Born in York, Jean now lives in the heart of highland Perthshire. She has Scottish roots through her father’s family and went back to live north of the border over 20 years ago. However, it was her first visit to Ardnamurchan and the West Coast in 1990 that provided her with her greatest artistic inspiration where she fell in love with the landscape, light and colour she found there. These elements have been the centre of her creative output ever since. Castleman, Riva. Modern Art in Prints. Exh. cat. New York: The Museum of Modern Art, 1973. People on the autism spectrum present many different behavioral characteristics. At the core of the diagnosis of autism are social and communication deficits (American Psychiatric Association, 2000). Of those social deficits, one common problem is emotion perception. Children with autism have difficulty perceiving emotions from both visual (Harms, Martin, & Wallace, 2010) and auditory stimuli (Rutherford, Baron-Cohen, & Wheelwright, 2002). Deficits in emotion perception ability may be attributed to sensory processing deficits in children with autism. Gerdner, L.A. (1999). Individualized music intervention protocol. Journal of Gerontological Nursing, 25(10), 10-16. Andy Sylvester of Equinox Gallery, where Smith had 25 solo shows, remembers him as an exceptional artist and uniquely generous human being, who will be greatly missed by all who had the privilege to know him”. Rosenberg, Harold. Art & Other Serious Matters (includes artist’s statements). Chicago: University of Chicago Press, 1985. Although primarily a painter of society portraits and historical genre paintings, Jacques-Louis David’s immense skill in depicting animals earns him a place in the list of equestrian artists, if only for this amazing portrait of ‘Napoleon Crossing the Bremmer Pass’. Dementia is already critical issues in the world. This situation requires establishment of rehabilitation for relieving symptoms of patients. We have done research based on our assumption that most effective music therapy differs from culture, because music is dependent on cultural context. In this paper, we focus on active behavior (sing a song) of music therapy, and studied its effects. We used Near-Infrared Spectroscopy (NIRS) as a method for evaluating effectiveness of music therapy, though standard procedures of NIRS data processing has not been established. This is the reason why we here propose a new analysis method of NIRS data for evaluating effectiveness of music therapy. It’s amazing how many artists have produced their own versions of Mona Lisa. Here is some of the sites that I found while putting together this lens.

Art Institute of Chicago, IL. Fifty-Eighth Annual Exhibition of American Paintings and Sculpture: Abstract and Surrealist American Art. 6 November 1947 – 11 January 1948. Catalogue with texts by Katherine Kuh and Frederick A. Sweet. Steinhauser, K.E., & Barroso, J. (2009). Using qualitative methods to explore key questions in palliative care: A user’s guide to research in palliative care. Journal of Palliative Medicine, 12(8), 725-730. Sasikala, T., & Kamala, S. (2016). Therapeutic effects of music therapy on preterm neonates – Pilot study report. International Journal of Nursing Education and Research, 4(1), 42-44. Baur, John I.H. Revolution and Tradition in Modern American Art. Cambridge, MA: Harvard University Press, 1951. Ahmadi, F. (2013). Music as a method of coping with cancer: A qualitative study among cancer patients in Sweden. Arts & Health, 5(2), 152-165. Dulwich Picture Gallery is home to a fine art collection and mounts many interesting exhibitions. It’s a little out of central London but well worth the time. The grounds are lovely and the restaurant is excellent. Wosch, T., & Wigram, T. (Eds.). (2007). Microanalysis in Music Therapy: Methods, Techniques and Applications for Clinicians, Researchers, Educators and Students. London: Jessica Kingsley. Hooper, J. (2001). Overcoming the problems of deinstitutionalization: Using music activities to encourage interaction between four adults with a developmental disability. Music Therapy Perspectives, 19(2), 121-127. Baxter, H.T., Berghofer, J.A., MacEwan, L., Nelson, J., Peters, K., & Roberts, P. (2007). The Individualized Music Therapy Assessment Profile. London: Jessica Kingsley Publishers. Gentle, E.C., Barker, M., & Bower, J. (2015). Preservation of singing functioning in a 5 year-old following severe right-sided traumatic brain injury: Insights into the neurological resilience of song from pediatric music therapy. Music and Medicine, 7(3), 14-19. The department continues to support the Happy and Bob Doran Artist-in-Residence program founded in 2003. Invited artists take advantage of the greater intellectual and physical resources of the University. Participating artists have included Janine Antoni, Carol Bove, Cheryl Lynn Bruce, Yun-Fei Ji, Kerry James Marshall, Thomas Nozkowski, Richard Rezac, Tris Vonna-Michell, Richard Tuttle, William T. Wiley, and Paula Wilson. As well as affecting how artists created art, 19th century social changes also inspired artists to explore new themes. Instead of slavishly following the Hierarchy of the Genres and being content with academic subjects involving religion and Greek mythology, interspersed with portraits and ‘meaningful’ landscapes – all subjects that were designed to elevate and instruct the spectator – artists began to make art about people, places, or ideas that interested them. The cities – with their new railway stations and new slums – were obvious choices and triggered a new class of genre painting and urban landscape. Other subjects were the suburban villages and holiday spots served by the new rail networks, which would inspire new forms of landscape painting by Monet, Matisse and others. The genre of history painting also changed, thanks to Benjamin West (1738-1820) who painted The Death of General Wolfe (1770, National Gallery of Art, Ottowa), the first ‘contemporary’ history painting, and Goya (1746-1828) whose Third of May, 1808 (1814, Prado, Madrid) introduced a ground-breaking, non-heroic idiom.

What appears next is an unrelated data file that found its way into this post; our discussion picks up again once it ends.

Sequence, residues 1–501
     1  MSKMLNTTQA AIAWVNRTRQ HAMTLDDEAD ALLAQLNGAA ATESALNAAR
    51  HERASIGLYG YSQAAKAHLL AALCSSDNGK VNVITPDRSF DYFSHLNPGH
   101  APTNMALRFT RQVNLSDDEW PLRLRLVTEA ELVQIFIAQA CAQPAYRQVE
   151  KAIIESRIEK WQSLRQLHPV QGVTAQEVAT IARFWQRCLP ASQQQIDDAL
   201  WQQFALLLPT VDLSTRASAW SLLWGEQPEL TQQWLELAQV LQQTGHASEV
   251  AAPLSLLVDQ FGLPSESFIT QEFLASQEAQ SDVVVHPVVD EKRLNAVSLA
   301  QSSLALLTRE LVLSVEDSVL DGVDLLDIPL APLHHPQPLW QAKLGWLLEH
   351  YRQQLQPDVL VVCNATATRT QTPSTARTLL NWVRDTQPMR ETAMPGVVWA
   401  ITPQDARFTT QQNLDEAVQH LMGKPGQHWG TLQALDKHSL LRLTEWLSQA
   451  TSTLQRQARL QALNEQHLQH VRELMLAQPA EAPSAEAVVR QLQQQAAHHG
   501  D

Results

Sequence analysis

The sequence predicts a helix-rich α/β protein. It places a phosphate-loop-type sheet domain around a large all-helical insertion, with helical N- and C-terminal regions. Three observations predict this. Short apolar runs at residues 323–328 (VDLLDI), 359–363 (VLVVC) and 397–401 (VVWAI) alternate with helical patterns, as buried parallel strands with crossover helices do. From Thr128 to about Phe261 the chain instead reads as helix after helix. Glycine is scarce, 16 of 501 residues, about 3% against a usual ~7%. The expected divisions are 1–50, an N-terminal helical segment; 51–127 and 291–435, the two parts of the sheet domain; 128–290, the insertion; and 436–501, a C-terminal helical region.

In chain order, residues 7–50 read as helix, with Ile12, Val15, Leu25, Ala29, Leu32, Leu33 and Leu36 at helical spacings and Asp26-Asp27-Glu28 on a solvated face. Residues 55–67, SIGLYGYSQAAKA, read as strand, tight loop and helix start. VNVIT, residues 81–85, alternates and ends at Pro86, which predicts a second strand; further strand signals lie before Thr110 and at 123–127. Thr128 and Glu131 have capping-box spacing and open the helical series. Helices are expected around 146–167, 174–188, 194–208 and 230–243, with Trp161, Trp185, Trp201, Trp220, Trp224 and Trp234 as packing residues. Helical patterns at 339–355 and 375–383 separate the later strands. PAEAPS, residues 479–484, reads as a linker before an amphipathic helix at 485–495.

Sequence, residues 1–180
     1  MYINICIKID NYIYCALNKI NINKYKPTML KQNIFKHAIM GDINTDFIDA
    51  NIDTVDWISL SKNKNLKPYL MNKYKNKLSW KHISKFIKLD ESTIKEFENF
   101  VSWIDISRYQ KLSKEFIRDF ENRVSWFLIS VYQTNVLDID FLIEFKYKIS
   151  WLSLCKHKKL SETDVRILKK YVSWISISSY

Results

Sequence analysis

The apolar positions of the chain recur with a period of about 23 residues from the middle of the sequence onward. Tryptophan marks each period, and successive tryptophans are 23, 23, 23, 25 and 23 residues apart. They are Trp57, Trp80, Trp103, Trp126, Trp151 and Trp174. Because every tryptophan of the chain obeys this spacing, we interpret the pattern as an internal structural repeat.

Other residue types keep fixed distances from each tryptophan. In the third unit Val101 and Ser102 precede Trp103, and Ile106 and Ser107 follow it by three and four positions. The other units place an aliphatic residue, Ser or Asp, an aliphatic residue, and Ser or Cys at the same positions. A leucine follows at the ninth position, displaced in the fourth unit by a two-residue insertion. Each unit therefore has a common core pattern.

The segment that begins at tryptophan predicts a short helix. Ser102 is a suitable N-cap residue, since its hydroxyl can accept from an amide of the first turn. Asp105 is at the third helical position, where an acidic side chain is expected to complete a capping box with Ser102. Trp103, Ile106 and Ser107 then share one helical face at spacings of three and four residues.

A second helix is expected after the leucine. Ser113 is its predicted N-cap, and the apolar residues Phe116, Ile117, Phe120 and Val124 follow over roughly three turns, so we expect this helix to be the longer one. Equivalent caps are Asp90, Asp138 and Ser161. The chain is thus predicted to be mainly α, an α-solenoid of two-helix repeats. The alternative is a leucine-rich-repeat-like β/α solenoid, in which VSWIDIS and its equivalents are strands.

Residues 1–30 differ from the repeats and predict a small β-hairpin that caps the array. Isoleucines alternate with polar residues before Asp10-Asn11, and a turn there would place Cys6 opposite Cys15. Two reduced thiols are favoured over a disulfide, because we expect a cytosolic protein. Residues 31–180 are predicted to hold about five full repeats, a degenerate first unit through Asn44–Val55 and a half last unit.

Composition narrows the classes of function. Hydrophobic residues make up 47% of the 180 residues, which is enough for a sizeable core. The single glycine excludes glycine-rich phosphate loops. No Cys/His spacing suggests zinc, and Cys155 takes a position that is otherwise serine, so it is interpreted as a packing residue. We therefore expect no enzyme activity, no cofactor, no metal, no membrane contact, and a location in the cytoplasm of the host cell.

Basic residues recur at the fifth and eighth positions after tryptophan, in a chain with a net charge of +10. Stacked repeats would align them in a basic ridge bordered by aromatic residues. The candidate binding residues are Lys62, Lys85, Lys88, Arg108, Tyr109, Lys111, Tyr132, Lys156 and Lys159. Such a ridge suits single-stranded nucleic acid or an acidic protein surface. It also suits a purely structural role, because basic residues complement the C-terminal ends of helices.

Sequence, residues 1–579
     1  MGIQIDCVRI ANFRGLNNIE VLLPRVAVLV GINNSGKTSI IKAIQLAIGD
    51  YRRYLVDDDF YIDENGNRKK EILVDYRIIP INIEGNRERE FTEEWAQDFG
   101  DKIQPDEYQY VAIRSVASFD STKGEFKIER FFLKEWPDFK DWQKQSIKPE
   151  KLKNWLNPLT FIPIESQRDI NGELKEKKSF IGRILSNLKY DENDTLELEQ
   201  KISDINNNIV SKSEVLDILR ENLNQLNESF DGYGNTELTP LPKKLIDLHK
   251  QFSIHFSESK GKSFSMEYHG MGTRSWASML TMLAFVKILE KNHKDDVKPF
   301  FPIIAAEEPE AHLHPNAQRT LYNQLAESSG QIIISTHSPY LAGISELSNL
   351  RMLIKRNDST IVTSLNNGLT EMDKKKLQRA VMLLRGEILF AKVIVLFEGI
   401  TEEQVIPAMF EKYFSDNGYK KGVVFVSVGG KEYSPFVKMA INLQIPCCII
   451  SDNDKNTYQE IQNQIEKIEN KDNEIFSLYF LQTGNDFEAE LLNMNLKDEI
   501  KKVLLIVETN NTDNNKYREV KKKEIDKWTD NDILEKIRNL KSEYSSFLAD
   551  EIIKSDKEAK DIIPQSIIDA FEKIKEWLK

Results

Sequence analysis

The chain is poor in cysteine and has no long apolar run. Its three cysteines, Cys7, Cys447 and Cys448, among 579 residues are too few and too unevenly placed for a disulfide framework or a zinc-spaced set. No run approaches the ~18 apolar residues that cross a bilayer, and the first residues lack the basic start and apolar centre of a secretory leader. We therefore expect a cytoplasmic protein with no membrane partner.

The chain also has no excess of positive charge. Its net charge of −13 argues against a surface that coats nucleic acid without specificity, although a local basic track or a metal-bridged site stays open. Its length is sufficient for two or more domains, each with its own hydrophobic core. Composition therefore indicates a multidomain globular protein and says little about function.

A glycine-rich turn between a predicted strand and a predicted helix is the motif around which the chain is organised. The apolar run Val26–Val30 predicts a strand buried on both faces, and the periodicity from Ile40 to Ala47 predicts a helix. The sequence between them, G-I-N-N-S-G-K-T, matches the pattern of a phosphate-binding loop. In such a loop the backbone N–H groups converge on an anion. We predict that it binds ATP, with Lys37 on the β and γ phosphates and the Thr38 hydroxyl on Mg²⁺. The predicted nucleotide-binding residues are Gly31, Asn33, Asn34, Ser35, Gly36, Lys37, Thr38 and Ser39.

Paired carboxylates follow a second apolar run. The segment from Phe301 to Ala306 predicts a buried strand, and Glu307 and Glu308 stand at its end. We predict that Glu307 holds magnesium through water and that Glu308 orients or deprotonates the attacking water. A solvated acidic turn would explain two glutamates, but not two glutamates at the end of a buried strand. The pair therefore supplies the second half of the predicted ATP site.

Thomas Nozkowski: New Paintings, Max Protetch Gallery, New York, November 8-December 20, 2003. Bob, your observation is actually very astute. McCubbin’s painting of the bush are unique in the fact that he doesn’t just paint a landscape showing the horizon and various features. He seems to paint a story “within” the bush. It surrounds his subjects and makes the viewer feel like they are part of it. I am glad these paintings helped you relive childhood memories. Thanks for reading. Thompson, G., & McFerran, K.S. (2015). We’ve got a special connection”: Qualitative analysis of descriptions of change in the parent-child relationship by mothers of young children with Autism Spectrum Disorder. Nordic Journal of Music Therapy, 24(1), 3-26. In 2010 the Gemeentemuseum acquired Lee Bontecou’s bas-relief sculpture, Untitled (1960). The purchase sparked a desire to show this important work in the context of Bontecou’s rich and varied oeuvre. Although all stages of Bontecou’s artistic development are represented in the new exhibition at the Gemeentemuseum, the focus is not a chronological overview. Rather, it is centered on the coherent interconnections between works from different periods and in different media. Drawings made during Bontecou’s years in Greece and Italy in the late 1950s – never previously exhibited – are shown in relation to an imposing suspended sculpture from the 1980s. A reconstruction of a wall of drawings in her studio illustrates the vital role played by drawings in her artistic practice, both in their own right and as they relate to her sculptures. Carrie Secrist Gallery has focused on established contemporary artists, with a recently renewed interest in adding new, emerging artists to its roster. Among our favorite works the gallery has exhibited are Kim Keever’s water tank diorama photography; Megan Greene’s recontextualized Audubon prints and Anne Lindberg’s intricate colored pencil drawings. Robarts, J. (2006). Music therapy with sexually abused children. Clinical Child Psychology and Psychiatry, 11(2), 249-269. Grachos, Louis and Claire Schneider. Extreme Abstraction. Exh. cat. Buffalo: Albright-Knox Art Gallery, 2005. Freedman, Leonard, ed. Looking at Modern Painting (includes artist’s statements). New York: W.W. Norton, 1961. Ancient graffiti have traditionally been studied as brief texts, but that is only part of the information they communicate. I propose a more comprehensive approach that considers their content and form and situates them more firmly within their physical and social environment. Engaging more closely with the spatial context of graffiti informs us about the ancient use of space and the human activity within it. It also allows us to see what else, besides text, was inscribed on the walls of Pompeii. The concept of the dialogue offers a flexible model of inquiry and provides a fresh perspective for examining the numerous graffiti of a residential space. From number games to drawings to clever compositions of poetry, the graffiti of the House of Maius Castricius reveal wide participation and a strong interest in the act of writing, a popular activity here and throughout Pompeii.